Historical content examples: data refresh runs performance,
                               daily audit logs,
                               growth of groupId.
  Dynamic information examples: object information, artifact
  information, artifact health, metadata health.

  Some concepts I would like to see in the reporting API.
   * ReportData - reference to the data.
      .query()
      .add()
      .remove()
      .update()
   * HistoricalReportData / StaticReportData / DynamicReportData
   * ReportViews
     * ReportViewTable
     * ReportViewHistoricalChart
     * ReportViewHistoricalSparkline
     * ReportViewHistoricalRSS

  Some reports, static in nature, should be generated as part of the
  periodic DataRefresh Task.

  :: WebApp ::

  The structure of the webapp will largely remain intact.
  I have been encouraged to move away from xwork / webwork to struts 2,
  as those projects have merged.

  :: Workflow ::

  This concept is not yet present in archiva.

  Its intent is to provide consistent means to manage the repositories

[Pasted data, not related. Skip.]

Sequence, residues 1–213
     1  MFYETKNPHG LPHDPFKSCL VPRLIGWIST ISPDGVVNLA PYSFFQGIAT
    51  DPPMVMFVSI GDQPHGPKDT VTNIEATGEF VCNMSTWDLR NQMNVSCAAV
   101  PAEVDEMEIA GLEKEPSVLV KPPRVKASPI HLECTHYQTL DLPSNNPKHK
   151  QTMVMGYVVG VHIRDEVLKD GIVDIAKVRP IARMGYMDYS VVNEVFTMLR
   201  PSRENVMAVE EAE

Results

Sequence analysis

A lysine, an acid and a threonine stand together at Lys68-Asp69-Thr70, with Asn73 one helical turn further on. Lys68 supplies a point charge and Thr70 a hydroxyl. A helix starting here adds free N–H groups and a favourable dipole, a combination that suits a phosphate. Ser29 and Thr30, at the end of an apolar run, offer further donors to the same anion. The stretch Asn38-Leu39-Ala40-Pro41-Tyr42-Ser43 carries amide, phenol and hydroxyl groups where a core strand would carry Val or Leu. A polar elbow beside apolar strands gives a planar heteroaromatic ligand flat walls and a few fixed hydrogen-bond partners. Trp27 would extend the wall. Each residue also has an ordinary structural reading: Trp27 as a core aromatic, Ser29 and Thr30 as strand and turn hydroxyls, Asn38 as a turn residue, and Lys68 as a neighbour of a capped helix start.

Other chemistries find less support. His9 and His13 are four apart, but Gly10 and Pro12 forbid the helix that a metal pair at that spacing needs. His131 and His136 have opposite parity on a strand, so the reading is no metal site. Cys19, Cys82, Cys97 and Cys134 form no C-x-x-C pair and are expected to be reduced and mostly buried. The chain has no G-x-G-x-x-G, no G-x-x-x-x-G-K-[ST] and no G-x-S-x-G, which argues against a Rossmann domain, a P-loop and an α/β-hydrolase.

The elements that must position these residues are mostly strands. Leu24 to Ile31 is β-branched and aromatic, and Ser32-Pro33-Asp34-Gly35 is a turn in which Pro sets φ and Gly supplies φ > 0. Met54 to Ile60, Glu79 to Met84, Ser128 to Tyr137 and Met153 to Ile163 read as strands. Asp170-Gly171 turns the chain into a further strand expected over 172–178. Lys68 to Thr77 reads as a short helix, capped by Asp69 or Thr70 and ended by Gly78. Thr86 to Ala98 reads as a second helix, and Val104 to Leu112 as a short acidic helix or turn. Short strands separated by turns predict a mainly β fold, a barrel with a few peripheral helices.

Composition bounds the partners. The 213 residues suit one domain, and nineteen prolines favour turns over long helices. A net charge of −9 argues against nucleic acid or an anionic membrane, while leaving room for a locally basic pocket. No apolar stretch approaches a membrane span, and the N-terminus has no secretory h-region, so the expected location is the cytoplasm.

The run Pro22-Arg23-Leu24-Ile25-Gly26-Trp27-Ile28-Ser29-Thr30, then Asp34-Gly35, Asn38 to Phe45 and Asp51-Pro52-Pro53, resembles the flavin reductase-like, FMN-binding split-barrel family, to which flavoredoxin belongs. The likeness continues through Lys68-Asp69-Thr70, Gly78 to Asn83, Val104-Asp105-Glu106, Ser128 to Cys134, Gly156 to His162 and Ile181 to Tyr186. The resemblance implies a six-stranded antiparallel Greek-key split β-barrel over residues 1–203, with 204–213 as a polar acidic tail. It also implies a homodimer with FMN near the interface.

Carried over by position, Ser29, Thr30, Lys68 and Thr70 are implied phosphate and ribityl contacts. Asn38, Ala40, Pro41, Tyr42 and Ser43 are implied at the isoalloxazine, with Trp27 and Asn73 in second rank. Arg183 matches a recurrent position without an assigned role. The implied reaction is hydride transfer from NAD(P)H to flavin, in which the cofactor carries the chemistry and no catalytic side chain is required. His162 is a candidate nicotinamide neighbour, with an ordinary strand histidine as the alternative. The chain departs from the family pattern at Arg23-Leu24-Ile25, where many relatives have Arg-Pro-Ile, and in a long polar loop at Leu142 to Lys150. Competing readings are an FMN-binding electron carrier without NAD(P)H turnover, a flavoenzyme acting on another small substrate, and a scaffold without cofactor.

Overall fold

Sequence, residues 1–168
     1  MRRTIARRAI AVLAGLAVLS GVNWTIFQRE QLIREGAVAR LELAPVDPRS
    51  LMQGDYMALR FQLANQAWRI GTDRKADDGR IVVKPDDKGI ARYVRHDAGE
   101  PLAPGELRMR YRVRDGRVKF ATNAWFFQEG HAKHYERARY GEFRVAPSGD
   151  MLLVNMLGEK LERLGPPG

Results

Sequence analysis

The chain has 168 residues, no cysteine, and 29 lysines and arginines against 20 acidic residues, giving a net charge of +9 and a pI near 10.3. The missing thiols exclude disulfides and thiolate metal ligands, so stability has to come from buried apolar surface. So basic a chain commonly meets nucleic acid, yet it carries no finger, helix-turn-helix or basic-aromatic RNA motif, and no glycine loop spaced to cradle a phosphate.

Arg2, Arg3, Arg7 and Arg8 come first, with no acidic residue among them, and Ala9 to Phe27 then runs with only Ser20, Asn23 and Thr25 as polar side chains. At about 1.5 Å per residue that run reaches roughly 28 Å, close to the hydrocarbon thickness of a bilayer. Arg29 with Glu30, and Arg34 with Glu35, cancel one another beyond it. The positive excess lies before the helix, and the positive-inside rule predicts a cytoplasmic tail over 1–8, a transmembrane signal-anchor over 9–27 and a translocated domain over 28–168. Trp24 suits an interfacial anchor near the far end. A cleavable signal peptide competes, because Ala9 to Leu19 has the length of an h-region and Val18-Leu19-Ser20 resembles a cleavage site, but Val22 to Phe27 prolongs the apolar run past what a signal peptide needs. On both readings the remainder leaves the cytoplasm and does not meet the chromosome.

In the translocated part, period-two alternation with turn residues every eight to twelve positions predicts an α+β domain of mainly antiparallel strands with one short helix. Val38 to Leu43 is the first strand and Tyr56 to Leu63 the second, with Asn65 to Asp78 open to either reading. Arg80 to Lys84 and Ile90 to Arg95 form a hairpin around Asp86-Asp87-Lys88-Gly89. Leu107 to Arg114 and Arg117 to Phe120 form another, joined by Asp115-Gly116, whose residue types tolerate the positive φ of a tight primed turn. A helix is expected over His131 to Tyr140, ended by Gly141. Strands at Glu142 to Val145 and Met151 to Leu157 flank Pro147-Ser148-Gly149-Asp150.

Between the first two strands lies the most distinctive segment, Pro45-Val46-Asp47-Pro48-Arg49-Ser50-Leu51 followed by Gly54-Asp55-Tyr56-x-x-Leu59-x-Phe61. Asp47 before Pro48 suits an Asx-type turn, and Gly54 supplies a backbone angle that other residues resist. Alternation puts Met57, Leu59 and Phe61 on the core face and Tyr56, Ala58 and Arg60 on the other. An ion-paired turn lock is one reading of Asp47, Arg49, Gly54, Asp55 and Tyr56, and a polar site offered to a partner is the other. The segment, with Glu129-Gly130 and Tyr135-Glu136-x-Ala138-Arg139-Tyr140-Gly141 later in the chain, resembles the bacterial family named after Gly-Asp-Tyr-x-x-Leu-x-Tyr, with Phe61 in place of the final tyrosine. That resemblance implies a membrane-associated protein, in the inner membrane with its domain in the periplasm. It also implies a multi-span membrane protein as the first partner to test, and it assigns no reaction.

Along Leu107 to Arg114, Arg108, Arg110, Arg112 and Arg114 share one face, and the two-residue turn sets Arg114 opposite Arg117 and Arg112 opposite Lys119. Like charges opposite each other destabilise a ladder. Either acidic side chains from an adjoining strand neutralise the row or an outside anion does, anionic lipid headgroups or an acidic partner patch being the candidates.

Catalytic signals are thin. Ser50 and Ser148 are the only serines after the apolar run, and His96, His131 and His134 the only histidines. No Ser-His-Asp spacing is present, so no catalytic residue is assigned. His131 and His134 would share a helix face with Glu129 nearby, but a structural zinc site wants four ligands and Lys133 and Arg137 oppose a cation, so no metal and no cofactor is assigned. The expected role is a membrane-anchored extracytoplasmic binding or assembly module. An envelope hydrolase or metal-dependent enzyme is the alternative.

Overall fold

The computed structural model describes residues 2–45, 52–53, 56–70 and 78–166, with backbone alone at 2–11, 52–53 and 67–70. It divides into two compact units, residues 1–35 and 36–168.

from within the archiva webapp interface.

  Some early workflow examples:

    1) Artifact Submission.  (webform to submit artifact bundles)
    2) Artifact Approval.    (proxied content must pass approval)
    3) Artifact Promotion.   (sandbox to internal repos, for example)
    4) Snapshot Cleanup.     (remove old snapshots)

  Could use some help in this area.
  Suggestions, techniques, etc...

  :: Clustering ::

  This perceived as mostly an installation issue, we need to document
  how to set up High Avaliability archiva instances, that can share
  load and/or fail over to another archiva instance.

  :: Index Sharing ::

  One or more archiva instances can share their indexes providing
  a web of information about as many artifacts as possible, actually
  being able to download the artifact is still goverened by the archiva
  security.

:: Conclusion ::

Exciting things are coming for archiva.
Stay tuned.
Join in on the testing.
Provide Feedback.
File Bug Reports.

- Joakim Erdfelt